- Cold ears and feet: Richard recommends touching your rabbit’s ears and feet – if they feel cold to the touch, it’s a sign your rabbit is too cold. Cold extremities can indicate poor circulation and discomfort.
- Reduced activity: Cold temperatures can make rabbits lethargic. If your rabbit becomes less active or seems sluggish, it may be because they are cold.
- Seeking warmth: If your rabbit is actively seeking warm spots in their enclosure, such as cuddling next to a heated water bottle or seeking shelter, it’s a clear indication they are trying to stay warm.
- Hunched posture: Rabbits tend to adopt a hunched posture with their body close to the ground when they are feeling cold, advises Richard. This is another way to minimise heat loss.
- Change in eating and drinking habbits: When rabbits are too cold, they may eat and drink less because their body is conserving energy to stay warm. Richard stresses that it’s very important to monitor your rabbit’s food and water consumption; eating less or not at all can quickly become a rabbit emergency and dehydration can also affect their digestion. Call us on 0141 620 2580 if you are concerned.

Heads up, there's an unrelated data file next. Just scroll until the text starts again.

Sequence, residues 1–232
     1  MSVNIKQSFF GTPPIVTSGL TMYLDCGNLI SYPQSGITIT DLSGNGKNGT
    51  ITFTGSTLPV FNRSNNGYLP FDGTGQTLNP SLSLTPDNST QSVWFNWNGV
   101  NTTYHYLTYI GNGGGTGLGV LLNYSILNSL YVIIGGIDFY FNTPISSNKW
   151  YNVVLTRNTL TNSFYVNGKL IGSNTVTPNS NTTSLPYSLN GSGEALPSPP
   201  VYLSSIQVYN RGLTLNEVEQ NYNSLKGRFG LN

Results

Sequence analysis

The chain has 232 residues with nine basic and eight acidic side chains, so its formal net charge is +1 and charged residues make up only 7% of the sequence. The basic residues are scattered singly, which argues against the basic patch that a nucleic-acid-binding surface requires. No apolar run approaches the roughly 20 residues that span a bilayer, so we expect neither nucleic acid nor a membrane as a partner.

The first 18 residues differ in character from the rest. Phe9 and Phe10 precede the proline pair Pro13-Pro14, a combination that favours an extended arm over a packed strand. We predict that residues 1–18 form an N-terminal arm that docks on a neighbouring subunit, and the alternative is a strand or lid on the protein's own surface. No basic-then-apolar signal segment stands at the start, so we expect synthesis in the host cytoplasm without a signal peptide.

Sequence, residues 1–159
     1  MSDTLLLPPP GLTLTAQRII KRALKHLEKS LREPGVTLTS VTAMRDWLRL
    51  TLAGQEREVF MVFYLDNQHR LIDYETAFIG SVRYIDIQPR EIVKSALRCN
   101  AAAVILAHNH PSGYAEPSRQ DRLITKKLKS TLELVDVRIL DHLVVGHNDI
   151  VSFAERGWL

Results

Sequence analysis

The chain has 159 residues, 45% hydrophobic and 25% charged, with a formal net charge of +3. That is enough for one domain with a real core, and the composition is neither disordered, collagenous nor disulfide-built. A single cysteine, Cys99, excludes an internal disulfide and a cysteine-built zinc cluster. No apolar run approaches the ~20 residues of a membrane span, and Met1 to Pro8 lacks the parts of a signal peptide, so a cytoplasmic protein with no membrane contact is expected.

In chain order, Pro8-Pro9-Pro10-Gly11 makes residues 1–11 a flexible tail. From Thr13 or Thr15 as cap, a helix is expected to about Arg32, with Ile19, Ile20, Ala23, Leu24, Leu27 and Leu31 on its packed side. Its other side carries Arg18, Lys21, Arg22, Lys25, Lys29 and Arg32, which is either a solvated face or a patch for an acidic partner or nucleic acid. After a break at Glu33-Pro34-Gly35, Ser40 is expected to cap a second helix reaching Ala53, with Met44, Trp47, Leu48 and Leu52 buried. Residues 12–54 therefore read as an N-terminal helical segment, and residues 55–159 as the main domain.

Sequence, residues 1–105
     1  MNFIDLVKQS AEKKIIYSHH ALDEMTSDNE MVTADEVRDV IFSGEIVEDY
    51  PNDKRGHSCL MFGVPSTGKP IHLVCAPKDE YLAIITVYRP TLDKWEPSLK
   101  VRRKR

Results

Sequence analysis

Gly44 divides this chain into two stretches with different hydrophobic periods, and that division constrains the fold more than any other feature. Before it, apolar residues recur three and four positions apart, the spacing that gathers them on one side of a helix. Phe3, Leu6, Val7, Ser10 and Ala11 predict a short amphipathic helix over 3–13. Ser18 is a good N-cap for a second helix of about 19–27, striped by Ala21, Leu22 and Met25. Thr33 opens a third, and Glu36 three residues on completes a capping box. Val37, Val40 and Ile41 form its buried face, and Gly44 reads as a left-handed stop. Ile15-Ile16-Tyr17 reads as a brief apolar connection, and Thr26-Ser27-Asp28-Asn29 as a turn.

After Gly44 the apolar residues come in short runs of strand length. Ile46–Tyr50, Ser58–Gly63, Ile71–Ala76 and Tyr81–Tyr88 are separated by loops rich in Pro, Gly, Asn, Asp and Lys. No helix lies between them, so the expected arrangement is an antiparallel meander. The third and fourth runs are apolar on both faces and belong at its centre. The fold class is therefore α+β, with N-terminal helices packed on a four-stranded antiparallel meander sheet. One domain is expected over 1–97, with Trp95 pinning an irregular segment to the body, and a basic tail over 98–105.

How to keep your rabbit warm this winter
Richard advises that there are several ways you can help your rabbit cope with the cold weather including:
- Move your rabbit’s hutch or cage inside your home if possible, or perhaps into a garage or shed to avoid the coldest of the weather in East Renfrewshire.
- Ensure their enclosure is well insulated, especially their sleeping area. You can also wrap your rabbit’s home in blankets or a duvet, ensuring it’s remains well-ventilated.
- Extra straw and hay will help to provide warmth and insulation in your rabbit’s enclosure.
- Microwaveable heat pads and well-wrapped hot water bottles can be useful when the temperature really drops but caution should be taken when using these. You may want to place these on the outside of your rabbit’s housing to avoid them chewing through the casing.